“Don’t work too hard!” – he yells again.
My shoulder hurts and my lower back. I can’t tell if it’s from this mattress or sitting hunched over the desk in my room. There are beautiful, aesthetically pleasing study rooms in my building but somehow being nestled in a booth- watching groups of people makes me more lonely than sitting in my room. And that’s the ugly truth – moving is lonely. Lonelier still since I spat the gum out. Lonelier knowing that there’s no going back and lonelier at best when I acknowledge the truth; I don’t want to…
Don’t work too hard.
I find myself working incredibly hard these days; in ways I could never have anticipated. I work hard on not calling my mother while she’s working; checking the time and adding two hours. I work hard on not harassing my sister to watch the TikTok’s I’ve sent her. I work hard not to feel guilty on how much of my friends lives I feel I’m missing out on; them there and me here. I work hard trying to manage my emotions which have overwhelmed me since I was a child. I work hard at this masters that has hands like Mike Tyson. I work hard at reminding myself that I’m Mohammed Ali (I’ve been re-watching Suits and Scorsese movies – there’s no explanation as to why). I’m working harder than I ever have – and love every second of it like never before.
I’m working hard to meet my dreams as they begin to stream over the horizon of my days. I’m working hard to transmute manifestations, and prayers ushered during Friday mass in primary school. I’m working hard to make my family proud. Working hard to remember all my fathers words about integrity, late nights and filling his now empty footsteps that feel on some days, maybe the off ones, too big. I’m working hard to maintain my balance on this bike called life now that the training wheels have been taken off; the memory of my fathers words steadying me as I lose momentum. I wasn’t ready to take the training wheels off… but God had other plans and I didn’t have a choice. My dads voice in my head – phantom wheels in moments of need.
It’s my fathers two year anniversary in 3 days. And I don’t know what to do with that…where to put those feelings that seem to have buried themselves in the marrow of my bones; maybe that’s where they belong – mapped in the inner-most parts of me; where my father belongs. My face a reflection of his, if my families word is anything to go by. I was at my family reunion recently, someone who is my Great Uncle’s nephew stopped me dead in my tracks and asked me if I’m my fathers child without having seen him in over a decade; without knowing that he’s gone. Maybe in this way, in my face and a shake I now inexplicably have in my left hand- he lives on.
There was a trend on TikTok a month or so ago – about fathers. It reduced me to tears; then and now because memory is a cruel master and I’m beginning to forget the little things that I promised myself I’d burn into the fabric of my brain two years ago. I was crying over these TikTok’s minutes before my friends arrived. Perched on a couch I never use, I laughed (which I do a lot more of these days) explaining how I had just finished crying. My friend looked up at me and said we could share her Baba. That I’d met him already and we could call him whenever we’d like; she opened the contact and offered to call him at that moment. It felt to me like a kid holding out half of their sandwich; so simple but the impact greater than anything set between two slices. It’s these moments I think of now – the ones where love flows in, simply, almost imperceptibly if you’re not awake to it.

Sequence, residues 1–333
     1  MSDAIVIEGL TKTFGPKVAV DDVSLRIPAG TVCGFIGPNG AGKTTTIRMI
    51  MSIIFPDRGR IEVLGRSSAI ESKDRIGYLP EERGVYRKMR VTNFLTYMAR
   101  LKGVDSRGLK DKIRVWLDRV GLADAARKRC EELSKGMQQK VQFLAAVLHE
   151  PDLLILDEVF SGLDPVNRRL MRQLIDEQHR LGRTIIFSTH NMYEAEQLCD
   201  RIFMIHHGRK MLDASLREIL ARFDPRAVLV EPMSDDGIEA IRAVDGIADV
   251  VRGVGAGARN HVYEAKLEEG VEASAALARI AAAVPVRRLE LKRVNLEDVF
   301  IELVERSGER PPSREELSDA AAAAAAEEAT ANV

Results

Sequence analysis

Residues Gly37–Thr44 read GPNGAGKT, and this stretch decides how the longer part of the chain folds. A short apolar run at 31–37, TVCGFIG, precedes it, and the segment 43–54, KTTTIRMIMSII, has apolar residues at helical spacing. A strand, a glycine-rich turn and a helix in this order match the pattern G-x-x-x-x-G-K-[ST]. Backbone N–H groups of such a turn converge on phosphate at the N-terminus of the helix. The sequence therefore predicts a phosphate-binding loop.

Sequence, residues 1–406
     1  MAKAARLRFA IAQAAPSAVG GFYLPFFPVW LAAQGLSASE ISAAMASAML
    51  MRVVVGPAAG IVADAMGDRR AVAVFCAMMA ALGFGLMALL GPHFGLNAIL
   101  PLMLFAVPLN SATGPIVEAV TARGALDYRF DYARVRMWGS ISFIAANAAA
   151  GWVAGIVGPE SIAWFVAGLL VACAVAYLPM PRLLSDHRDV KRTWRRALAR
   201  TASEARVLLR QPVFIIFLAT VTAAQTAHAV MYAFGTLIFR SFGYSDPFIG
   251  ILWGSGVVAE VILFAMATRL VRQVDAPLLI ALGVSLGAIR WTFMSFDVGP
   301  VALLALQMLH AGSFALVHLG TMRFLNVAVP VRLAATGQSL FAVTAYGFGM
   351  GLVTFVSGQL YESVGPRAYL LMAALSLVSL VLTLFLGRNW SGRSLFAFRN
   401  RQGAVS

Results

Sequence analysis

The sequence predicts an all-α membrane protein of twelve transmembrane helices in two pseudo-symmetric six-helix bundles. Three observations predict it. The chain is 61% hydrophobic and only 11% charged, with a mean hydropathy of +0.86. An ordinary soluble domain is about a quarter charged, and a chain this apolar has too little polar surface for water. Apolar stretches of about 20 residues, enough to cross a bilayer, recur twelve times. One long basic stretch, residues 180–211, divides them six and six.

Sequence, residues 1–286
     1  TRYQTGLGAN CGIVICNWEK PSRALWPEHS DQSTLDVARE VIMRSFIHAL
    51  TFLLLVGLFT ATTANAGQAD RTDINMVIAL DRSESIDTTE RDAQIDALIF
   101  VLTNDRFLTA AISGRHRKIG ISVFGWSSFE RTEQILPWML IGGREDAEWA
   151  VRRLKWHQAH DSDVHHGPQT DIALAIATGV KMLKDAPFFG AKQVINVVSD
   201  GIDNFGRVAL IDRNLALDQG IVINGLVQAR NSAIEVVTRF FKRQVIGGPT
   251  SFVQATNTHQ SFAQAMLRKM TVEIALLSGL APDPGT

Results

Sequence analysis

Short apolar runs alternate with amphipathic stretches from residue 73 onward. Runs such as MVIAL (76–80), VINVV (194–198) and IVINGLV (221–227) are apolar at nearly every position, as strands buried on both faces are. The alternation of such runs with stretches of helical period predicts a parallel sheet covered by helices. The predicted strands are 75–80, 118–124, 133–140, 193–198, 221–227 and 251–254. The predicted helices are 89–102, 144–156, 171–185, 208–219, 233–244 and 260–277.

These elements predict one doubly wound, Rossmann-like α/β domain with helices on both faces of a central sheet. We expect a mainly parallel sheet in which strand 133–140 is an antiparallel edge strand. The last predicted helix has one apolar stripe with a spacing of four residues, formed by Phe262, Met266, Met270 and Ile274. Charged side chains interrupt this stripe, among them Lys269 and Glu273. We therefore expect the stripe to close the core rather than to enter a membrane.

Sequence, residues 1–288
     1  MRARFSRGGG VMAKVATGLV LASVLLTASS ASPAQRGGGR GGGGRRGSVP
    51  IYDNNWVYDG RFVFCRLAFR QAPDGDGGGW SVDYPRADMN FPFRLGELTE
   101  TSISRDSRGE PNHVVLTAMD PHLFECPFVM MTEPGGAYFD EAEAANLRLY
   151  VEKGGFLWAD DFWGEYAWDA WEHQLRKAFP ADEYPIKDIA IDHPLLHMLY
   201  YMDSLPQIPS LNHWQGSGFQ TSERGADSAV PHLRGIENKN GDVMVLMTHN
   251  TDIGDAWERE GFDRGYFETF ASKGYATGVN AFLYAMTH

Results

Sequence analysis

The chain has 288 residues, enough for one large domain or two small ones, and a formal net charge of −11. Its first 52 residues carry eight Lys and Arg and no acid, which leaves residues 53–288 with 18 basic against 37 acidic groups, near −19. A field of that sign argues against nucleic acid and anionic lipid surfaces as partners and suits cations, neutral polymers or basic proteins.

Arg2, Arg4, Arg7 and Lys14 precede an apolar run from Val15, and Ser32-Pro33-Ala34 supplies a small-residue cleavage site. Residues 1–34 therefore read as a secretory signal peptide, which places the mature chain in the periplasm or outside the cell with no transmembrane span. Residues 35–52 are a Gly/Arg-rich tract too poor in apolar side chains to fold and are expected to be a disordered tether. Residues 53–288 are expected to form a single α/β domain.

So I have a sandwich dad; offered in earnest and my dad; in heaven and in my dreams. The last time he came to talk to me (in my dreams); I cried – I always do. But I cried, laughing at the same time and proceeded to catch him up on the Real Housewives of Potomac – at length. I did the same when he missed the last four episodes, and the two part finale- when he was ICU. I know how much he loves that. I suppose because my dad is nowhere and yet everywhere, in everything, all the time – he’s always closer than I think. At least that’s what I like to tell myself. My new friends didn’t know I had lost my father until a few weeks ago. Apparently, I only talk about my mother… I was shocked to live now in a new life where that information isn’t blatantly apparent on my face; that loss can’t be deducted by how I move in the world- without an introduction. But death is a conversation killer and I don’t really like to talk about it. Maybe, after two years I haven’t quite figured out how.
How do you introduce yourself, in the face of death while choosing to live? Maybe we’re all only living in the face of death anyway. The dread and delight of mortality – of watching life passing by, like live television through bay windows on my friends balcony.
The warm winds are arriving, blowing my hair into my lipgloss of a life – shiny, sensual, beautiful and beautiful; the act of building a new life. Of finding new ways to love, and new people to give love to. It’s all a lipgloss life anyways isn’t it? Something beautiful, to be renewed and redone – over and over at your will. I hope you will. I hope it’s beautiful – even if the wind blows hair into it.
“Don’t work too hard! Don’t work too hard, it’s finished! It’s enough”
A soothing word for a hard-working girl in an entirely new world.
P.S. It’s his anniversary today.
I hope you’re happy up there, or next to me or wherever you find warm winds pa.